Gale Harding speaks in front of Rexburg Kiwanis Club members at Pizza Pie Cafe in Rexburg.

REXBURG — Gale Harding, an auctioneer and Upper Snake River Valley agriculture guru, emphasized the importance of Idaho’s agribusiness during a talk before the Rexburg Kiwanis last week.

Harding said that he plants and hauls hay and barley for a local farmer on 15,000 acres. Then, in the winter and fall, he drives a truck for a local potato farmer. This week, Harding will be at the National Potato Council auction at Fort Hall to raise money for a political action group.

Harding shared several statistics on Idaho’s agriculture.

“You all know that Idaho is very important when it comes to agriculture,” Harding said. “Two years ago we had $5.1 billion in just crop production, and that’s potatoes, grains, alfalfa, whatever. The total with everything is about $28 billion. So, agriculture is very important in the state of Idaho.”

He said it creates thousands of jobs across the state.

“We have, in our agribusiness — and when I talk about agribusiness, that includes farming, that includes processing, that includes fertilizing companies and everything — but to let you know how we compare to the rest of the Western United States, we’re almost four times greater than what Washington has in their total agribusiness,” Harding said. “In Washington, which is a lot bigger of a state than we are, we’re three times greater than Oregon when it comes to the amount of money that we put into agribusiness. We’re 10.5 times greater than Nevada, four times greater than Utah, 1.75 times greater than Montana.”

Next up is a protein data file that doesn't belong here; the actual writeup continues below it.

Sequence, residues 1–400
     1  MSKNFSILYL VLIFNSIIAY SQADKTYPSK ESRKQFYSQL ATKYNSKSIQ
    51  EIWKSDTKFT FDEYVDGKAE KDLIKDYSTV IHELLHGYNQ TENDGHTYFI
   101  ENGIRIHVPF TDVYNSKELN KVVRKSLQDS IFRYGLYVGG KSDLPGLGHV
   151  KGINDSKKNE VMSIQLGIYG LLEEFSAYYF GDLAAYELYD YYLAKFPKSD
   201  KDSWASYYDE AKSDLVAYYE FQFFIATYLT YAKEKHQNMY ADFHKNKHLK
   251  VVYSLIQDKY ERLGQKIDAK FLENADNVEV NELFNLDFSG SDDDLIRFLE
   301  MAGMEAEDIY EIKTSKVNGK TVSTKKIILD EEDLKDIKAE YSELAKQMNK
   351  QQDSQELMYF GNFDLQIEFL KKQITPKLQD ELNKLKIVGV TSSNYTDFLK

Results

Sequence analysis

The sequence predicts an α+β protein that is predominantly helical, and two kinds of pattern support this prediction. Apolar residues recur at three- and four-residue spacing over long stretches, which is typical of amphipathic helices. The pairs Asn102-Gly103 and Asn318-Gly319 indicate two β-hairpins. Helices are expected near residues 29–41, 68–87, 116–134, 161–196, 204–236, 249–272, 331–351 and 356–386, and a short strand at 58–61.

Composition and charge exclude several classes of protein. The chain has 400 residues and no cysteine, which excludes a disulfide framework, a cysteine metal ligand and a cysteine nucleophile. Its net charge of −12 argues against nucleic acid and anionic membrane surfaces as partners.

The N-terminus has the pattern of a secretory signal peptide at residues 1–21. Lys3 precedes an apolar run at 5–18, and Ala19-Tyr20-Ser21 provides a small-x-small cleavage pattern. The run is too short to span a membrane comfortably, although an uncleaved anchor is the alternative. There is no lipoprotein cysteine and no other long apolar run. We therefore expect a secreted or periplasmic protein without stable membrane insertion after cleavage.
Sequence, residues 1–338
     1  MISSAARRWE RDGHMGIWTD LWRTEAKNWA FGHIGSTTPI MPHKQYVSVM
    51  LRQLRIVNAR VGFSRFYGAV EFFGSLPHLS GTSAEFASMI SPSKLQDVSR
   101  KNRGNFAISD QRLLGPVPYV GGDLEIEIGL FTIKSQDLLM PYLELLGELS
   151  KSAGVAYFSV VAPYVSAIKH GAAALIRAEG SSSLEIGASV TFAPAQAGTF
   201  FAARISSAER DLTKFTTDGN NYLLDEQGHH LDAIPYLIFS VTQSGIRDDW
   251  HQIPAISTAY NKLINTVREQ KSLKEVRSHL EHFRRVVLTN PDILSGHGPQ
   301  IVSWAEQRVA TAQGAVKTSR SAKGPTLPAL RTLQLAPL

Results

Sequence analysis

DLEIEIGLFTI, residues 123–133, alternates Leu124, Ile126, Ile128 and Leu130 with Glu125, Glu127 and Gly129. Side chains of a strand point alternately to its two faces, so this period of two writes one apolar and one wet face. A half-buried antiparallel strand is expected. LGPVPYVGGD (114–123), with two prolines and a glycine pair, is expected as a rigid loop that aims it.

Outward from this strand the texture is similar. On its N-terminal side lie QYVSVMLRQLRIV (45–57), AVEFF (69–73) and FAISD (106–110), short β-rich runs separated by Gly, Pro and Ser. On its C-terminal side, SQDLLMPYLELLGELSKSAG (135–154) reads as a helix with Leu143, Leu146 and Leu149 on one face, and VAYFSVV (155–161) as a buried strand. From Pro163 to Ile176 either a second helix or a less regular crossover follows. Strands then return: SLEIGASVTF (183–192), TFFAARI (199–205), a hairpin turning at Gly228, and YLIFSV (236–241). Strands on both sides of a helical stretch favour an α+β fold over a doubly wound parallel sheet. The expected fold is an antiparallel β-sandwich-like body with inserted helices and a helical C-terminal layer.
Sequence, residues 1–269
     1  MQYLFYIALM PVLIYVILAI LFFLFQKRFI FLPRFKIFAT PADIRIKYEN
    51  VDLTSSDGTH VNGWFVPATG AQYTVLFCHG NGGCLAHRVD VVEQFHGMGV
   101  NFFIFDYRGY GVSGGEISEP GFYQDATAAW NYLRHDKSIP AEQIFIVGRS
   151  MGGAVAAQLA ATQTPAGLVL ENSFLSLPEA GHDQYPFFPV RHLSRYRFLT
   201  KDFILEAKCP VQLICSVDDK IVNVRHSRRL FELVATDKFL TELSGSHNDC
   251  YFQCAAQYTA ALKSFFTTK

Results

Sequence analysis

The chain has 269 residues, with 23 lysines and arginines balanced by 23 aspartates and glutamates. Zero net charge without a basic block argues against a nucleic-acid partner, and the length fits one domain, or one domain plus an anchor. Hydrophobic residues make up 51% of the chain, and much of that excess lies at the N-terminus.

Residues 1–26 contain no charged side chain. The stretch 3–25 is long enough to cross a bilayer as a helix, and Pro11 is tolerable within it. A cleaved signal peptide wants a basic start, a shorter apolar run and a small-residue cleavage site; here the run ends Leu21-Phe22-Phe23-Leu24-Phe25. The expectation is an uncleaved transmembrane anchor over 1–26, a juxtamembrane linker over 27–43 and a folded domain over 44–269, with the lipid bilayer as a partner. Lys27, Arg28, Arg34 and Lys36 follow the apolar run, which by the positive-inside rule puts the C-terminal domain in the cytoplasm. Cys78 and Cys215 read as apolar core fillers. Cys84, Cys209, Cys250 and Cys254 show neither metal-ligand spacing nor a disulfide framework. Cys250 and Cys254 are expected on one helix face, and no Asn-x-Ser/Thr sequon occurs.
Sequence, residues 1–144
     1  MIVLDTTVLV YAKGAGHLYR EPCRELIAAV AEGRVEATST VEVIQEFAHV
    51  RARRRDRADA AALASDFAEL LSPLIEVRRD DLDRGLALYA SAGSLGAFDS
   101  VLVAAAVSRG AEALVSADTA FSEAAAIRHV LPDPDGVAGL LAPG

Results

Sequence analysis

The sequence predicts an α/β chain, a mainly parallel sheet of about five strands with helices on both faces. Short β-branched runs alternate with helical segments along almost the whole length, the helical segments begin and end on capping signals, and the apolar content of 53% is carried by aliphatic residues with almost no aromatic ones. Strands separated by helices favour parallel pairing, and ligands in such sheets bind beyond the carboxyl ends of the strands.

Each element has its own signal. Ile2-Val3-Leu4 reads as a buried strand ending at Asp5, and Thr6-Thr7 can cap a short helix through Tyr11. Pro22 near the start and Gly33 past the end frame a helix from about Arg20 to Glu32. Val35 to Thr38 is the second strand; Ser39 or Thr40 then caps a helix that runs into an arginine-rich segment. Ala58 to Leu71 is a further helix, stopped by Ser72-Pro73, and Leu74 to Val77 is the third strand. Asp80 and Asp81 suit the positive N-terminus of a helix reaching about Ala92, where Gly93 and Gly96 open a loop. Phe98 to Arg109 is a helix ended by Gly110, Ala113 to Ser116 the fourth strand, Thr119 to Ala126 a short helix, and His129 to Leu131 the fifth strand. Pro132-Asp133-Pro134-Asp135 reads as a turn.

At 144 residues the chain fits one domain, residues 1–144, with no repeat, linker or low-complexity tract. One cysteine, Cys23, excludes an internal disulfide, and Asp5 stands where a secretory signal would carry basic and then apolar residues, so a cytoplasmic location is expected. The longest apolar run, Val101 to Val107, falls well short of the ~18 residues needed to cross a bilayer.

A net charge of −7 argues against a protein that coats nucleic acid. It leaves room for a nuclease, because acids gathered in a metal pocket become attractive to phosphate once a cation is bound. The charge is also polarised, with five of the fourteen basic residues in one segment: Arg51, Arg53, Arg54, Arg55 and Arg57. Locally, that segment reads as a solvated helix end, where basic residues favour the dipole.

Harding asked the audience what they thought the number one selling item in Idaho that brought in the most revenue was. The answer was russet potatoes.

“Potatoes are number one,” Harding said. “The only things better or bigger than that are cows/cattle, especially dairy.”

He said that there is more cattle in Idaho than people but that Idaho produces the number one potato crop in the nation.

“We produce about one third of all the potatoes in the nation,” Harding said.

He said the reason for the great crop was Idaho’s soil. Harding went on to discuss that Idaho makes the best malting barley in the world.

“We belong to a triangle of barley producers that starts in Pocatello and then comes up this way to Idaho Falls, Rexburg and Driggs,” Harding said. “There’s a triangle. We raise more quality malting barley than any place in the whole world.”

Harding said that he once had dinner with the CEO of Miller High Life beer.

“I was drinking a Sprite, and he says, ‘Gale, that’s interesting that you’re drinking a Sprite. Where are you from?’” Harding said. “And I said, ‘Rexburg, Idaho,’ and he said, ‘Do you know that you folks produce the best quality malt of anybody that I know?’ ”

Not all of the barley produced goes into beer, Harding said, but very little goes into animal feed because most feed is now made of corn and soybeans.

Harding said that, despite possible stigma about barley producing beer, it is a quality product that locals should be proud of.

“He knew the quality we had here,” Harding said.

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